When Fiction Meets Fact
by Anita Mae Draper
Now that I’m at the end of Emma’s Outlaw, my mind is buzzing with ideas for my next story. I know what I’m going to write about and where it’s set. I have a name for my hero, know his background, and his job. I’m having trouble picturing a suitable mate for him, though. And yes, it will be a historical romance. The plot is coming along, but I won’t get too hung up on details yet since my stories usually unfold as I write.
In my life, I can’t remember a time when I wasn’t reading. And 80% of my reading appetite has been filled with romance. Sometimes I can’t tell why I loved a certain book, but I can usually tell you why I didn’t. To help you weed through all the available books, you can look almost anywhere on the internet and read reviews. Sometimes they’ll tell you the good and the bad. And sometimes just the good. Or just the bad. It depends on how the reader perceived the story.
But what makes a good story? Or better yet . . . what makes a great story? This has been on my mind this past year as I’ve done almost a total overhaul of Emma’s story. You see, I liked it well enough before, but others didn’t so I had to employ elements to make it more entertaining. I didn’t want to make the same mistake with this upcoming novel.
In my research to find the facts of a great story, I pulled out the Bible and re-read some of the stories I’ve loved forever. And amongst the stories of heroic valour and deep faith, the romantic ones topped my list.
In particular is the story of King David and Bathsheba. Complete books of the Bible focus on David and his life. Not so much Bathsheba, but I’ll talk about this later.
Dictionary.com defines a hero as ‘a man (or woman) of distinguished courage or ability, admired for his brave deeds and noble qualities’. Well, that certainly describes David, both as a youngster and as a king.
A hero is also someone who does what needs to be done even when he or she doesn’t want to do it. Biblical heroes who fall into this category are:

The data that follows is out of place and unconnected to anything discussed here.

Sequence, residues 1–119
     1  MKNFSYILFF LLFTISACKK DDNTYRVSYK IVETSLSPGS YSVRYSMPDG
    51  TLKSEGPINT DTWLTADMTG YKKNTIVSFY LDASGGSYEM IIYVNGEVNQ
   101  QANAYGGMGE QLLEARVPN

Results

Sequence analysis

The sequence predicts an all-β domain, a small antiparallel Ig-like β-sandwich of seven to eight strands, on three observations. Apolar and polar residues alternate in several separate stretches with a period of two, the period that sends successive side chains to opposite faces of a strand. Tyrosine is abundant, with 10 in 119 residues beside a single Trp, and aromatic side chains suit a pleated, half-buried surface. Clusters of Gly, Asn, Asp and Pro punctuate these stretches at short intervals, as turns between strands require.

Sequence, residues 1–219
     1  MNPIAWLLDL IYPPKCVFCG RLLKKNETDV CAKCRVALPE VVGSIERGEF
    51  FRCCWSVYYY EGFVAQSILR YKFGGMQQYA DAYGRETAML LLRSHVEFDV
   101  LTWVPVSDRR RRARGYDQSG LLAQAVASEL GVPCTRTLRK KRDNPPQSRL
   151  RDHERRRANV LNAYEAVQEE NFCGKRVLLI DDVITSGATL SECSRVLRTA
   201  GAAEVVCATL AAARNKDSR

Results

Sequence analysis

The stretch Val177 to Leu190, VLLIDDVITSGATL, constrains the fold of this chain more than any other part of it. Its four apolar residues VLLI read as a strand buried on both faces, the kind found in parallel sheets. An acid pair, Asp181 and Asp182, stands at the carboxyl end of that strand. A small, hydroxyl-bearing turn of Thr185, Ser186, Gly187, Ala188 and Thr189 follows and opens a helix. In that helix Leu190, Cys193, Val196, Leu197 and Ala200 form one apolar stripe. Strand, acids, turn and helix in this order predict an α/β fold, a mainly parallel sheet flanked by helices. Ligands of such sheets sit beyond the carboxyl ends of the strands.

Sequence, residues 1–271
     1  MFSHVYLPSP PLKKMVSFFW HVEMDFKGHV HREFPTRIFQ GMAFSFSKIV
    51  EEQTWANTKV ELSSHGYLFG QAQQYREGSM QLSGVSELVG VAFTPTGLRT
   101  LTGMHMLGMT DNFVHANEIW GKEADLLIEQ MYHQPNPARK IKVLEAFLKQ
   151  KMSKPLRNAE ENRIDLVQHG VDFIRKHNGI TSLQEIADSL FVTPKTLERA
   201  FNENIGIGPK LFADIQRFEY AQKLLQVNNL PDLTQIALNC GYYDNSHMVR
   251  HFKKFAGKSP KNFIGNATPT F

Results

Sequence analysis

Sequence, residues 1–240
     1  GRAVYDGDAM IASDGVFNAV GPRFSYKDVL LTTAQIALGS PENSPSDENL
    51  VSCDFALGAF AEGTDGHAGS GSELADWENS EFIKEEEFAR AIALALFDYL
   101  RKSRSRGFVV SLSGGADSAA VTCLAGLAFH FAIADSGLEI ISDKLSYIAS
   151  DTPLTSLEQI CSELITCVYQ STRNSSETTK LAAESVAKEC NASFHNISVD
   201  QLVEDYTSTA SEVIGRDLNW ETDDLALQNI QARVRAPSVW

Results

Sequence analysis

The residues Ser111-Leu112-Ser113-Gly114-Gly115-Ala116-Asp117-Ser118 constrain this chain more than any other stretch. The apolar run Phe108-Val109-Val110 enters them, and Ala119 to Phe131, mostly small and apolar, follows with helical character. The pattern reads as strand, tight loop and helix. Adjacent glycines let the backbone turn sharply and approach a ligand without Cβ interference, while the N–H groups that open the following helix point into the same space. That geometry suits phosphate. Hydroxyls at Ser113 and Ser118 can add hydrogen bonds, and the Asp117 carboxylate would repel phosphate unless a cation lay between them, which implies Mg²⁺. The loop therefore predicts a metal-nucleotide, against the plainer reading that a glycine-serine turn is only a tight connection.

- Mary – who accepted carrying the Christ child although she knew it meant shame
- Joseph – who didn’t want to take Mary as his wife once he found out she was pregnant, but married her on faith
- Moses who didn’t want to leave his life of a shepherd in Midian to become a public speaker went to Egypt and demanded Pharaoh let the Hebrews leave.
- Gideon is found hiding in a wine press and keeps making excuses and testing God before accepting the task. (Judges 6)
- Abraham was asked to sacrifice his only son, Isaac as proof of his obedience to God. In Gen 22:2 states Abraham loved Isaac. And yet, he willingly prepared to obey God.
Those are some truly inspiring heroes. But, heroes don’t need to have reluctance as an inner conflict before their story becomes great. Do they?
No, they don’t. It also makes an emotional story when they stumble. Let’s go back to the story of David and Bathsheba in 2 Samuel 11 & 12 . . .
The Bible says David was tempted the moment he first saw Bathsheba bathing. That in itself was enough to put me in a tizzy when I first read it at the age of 12. Compound that with adultery and the story had my full attention. Add in the rest – the pregnancy, the murder and the lying – and it’s a bestseller in my eyes. We even have a happy ending because David marries her after she’s properly mourned the death of her husband. Awh, it’s so romantic.
Is it? David doesn't even admit he's sinned until the prophet Nathan stands before him in accusation. That's not very hero-like.
And the story isn’t complete at this point, because David’s sin wasn’t something personal between him, Bathsheba, Uriah and God. As a king, David’s people and his enemies knew about it. And although God is merciful and forgiving, He’s also a disciplinarian. The punishment meted out to David was that the son born of his affair with Bathsheba should die.